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As UNICEF Drugs Resold in Sierra Leone and Holiday Cards Misrun, UN's Ban Is Silent

Byline: Matthew Russell Lee of Inner City Press at the UN: News Analysis

UNITED NATIONS, November 29 -- Medicine and mosquito nets given for free by the UN system to the government of Sierra Leone have reappeared for sale for profit in Free Town. The abuse is widespread. Inner City Press on November 25 asked UN spokesperson Michele Montas if Ban Ki-moon or his envoy on malaria Ray Chambers have any comment, any plans to address this re-sale of UN aid.  First let's see if it's true, Ms Montas said. But it has been captured on film, by the BBC's Panorama program, summarized here.

 In the first instance, Inner City Press asked UNICEF for an answer, and got this

Hi Matthew, Just for your info, I think it is important to note - a) it is the Government that distributes products, b) that UNICEF does conduct monitoring and requests action...

"Cotrimoxazole is on the essential medicines list of most countries and is one of the products in highest demand from UNICEF. It is a well-tolerated and cost-effective life-saving intervention for children living with HIV or who have been exposed to HIV. To help save the lives of children in Sierra Leone, UNICEF provides supplies of nets and drugs to the Government for distribution.

"The Government provides quarterly reports on health programme implementation and UNICEF regularly conducts spot-check monitoring of distribution. If irregularities are uncovered, UNICEF informs the Government and it takes action...

"It is unrealistic to expect that all of the drugs and nets we provide will be used for the purpose for which they are intended... Where we have information about large-scale leakage from our programmes, we investigate and take action."

   But what action has been taken in this case? Contrast this well-crafted answer, though, with the underlying report, here. There is a need for the head of the UN system, Ban Ki-moon or at least his Malaria Envoy Ray Chambers, to speak and act on the resale for  profit of UNICEF-granted drugs in Sierra Leone.

UNICEF's Veneman, with France's Kouchner, Sierra Leone resales and holiday card snafus not shown

    UNICEF also recently answered Inner City Press' question about its auditors' criticism of the use of holiday card sale proceeds, to

"Please provide UNICEF's comment / response on deadline to para 42 from

A/63/474, that '[a]t UNICEF, the Board observed that some National Committees were retaining up to 100 per cent of the gross proceeds from the sale of greeting card products even though rule 9.04 of the special supplement to the UNICEF Financial Regulations and Rules states that they may be authorized to retain only up to 25 per cent of such sales. The Advisory Committee concurs with the Board that UNICEF should ensure that the 25 per cent retention limit is applied and that, if necessary, UNICEF should evaluate and formalize any exceptions to the rule.'"

  Inner City Press asked, "what is UNICEF's response, what is UNICEF doing in response?" Subsequently the following was received:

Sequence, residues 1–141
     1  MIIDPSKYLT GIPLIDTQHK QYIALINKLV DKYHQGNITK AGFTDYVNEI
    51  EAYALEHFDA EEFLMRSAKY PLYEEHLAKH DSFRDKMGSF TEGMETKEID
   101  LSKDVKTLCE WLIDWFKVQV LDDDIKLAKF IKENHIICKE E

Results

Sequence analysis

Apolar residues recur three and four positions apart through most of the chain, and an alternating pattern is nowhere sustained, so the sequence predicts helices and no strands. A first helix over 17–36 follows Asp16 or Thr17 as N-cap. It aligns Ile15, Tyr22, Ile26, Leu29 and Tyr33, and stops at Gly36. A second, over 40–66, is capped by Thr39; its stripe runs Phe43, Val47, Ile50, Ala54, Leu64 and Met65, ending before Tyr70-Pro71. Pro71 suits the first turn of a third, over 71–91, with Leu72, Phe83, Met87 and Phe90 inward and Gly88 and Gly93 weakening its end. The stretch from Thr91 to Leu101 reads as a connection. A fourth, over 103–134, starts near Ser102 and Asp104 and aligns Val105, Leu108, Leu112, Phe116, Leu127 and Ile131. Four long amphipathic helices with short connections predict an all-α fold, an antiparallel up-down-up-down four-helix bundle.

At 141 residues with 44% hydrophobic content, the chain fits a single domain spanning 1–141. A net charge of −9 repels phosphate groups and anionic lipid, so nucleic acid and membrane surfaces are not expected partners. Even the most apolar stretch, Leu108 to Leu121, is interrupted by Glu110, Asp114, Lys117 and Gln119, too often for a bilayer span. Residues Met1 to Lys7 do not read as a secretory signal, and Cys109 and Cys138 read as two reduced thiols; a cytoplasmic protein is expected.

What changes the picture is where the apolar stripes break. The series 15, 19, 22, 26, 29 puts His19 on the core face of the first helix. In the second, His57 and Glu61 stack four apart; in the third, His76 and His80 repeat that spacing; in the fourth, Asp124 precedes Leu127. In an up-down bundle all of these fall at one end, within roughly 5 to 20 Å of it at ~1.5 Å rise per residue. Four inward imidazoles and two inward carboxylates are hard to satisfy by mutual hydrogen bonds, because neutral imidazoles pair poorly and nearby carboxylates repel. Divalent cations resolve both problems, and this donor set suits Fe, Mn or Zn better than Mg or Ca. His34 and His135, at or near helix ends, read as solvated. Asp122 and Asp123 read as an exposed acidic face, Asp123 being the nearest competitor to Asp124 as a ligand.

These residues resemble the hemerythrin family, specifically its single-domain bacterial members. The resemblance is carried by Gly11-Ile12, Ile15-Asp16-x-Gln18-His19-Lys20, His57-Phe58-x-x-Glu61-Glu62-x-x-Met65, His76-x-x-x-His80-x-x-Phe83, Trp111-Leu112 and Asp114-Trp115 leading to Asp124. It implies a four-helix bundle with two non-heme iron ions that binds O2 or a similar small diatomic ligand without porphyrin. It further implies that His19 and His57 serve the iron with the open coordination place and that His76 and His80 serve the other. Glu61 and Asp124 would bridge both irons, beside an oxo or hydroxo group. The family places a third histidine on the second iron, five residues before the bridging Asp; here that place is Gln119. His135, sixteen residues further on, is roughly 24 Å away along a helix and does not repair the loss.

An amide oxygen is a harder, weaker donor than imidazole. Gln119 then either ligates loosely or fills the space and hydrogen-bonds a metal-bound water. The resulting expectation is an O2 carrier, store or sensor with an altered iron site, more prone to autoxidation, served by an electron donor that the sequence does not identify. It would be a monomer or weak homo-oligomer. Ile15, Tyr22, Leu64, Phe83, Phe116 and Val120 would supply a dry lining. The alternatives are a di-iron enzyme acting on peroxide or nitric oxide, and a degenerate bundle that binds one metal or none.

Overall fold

Hi Matthew,  Here's an answer re the Greeting Cards.

"In 2007, the UNICEF greeting card business generated sales of $ 156 million and made a net contribution to UNICEF programmes of $ 61 million, a healthy 39% operating margin, comparing favourably to the industry average of 4% to 8%.  As with all consumer-product businesses, there are costs associated with the sale of UNICEF greeting cards.  These include direct selling and marketing costs, production and manufacturing, logistics, and distribution.

"In some markets, UNICEF has recently faced increased competitive pressure coupled with market contraction. This has resulted in lower than expected sales and higher than expected selling  costs.  In these markets, UNICEF and the relevant National Committees are presently reviewing alternative distribution models to improve the cost to sales ratio and improved levels of profitability."  

  Despite UNICEF's spokesman's always erudite answers, one wonders if "the relevant National Committees" include UNICEF Germany, faced earlier this year with scandal which UNICEF also minimized, at least initially. We await Ban Ki-moon's views and action on the sale for profit of UNICEF-given drugs in Sierra Leone.

  Working for children is laudable, but oversight is needed. This can appear to be lacking at UNICEF, witness not only the above but also the UN's reticence to openly criticize UNICEF's chief's granting of the UN's North Lawn to Madonna and a Kabbalah-affiliated charity earlier this year. UNICEF's chief has yet to hold a press conference with Q&A in UN headquarters since then.

Footnote: And now some observers of both the UN and United States political scenes opine that the top position at UNICEF may soon be in for a change to be believed in...

Click here for Inner City Press Nov. 7 debate on the war in Congo

Watch this site, and this Oct. 2 debate, on UN, bailout, MDGs

and this October 17 debate, on Security Council and Obama and the UN.

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These reports are usually also available through Google News and on Lexis-Nexis.

Click here for a Reuters AlertNet piece by this correspondent about Uganda's Lord's Resistance Army. Click here for an earlier Reuters AlertNet piece about the Somali National Reconciliation Congress, and the UN's $200,000 contribution from an undefined trust fund.  Video Analysis here

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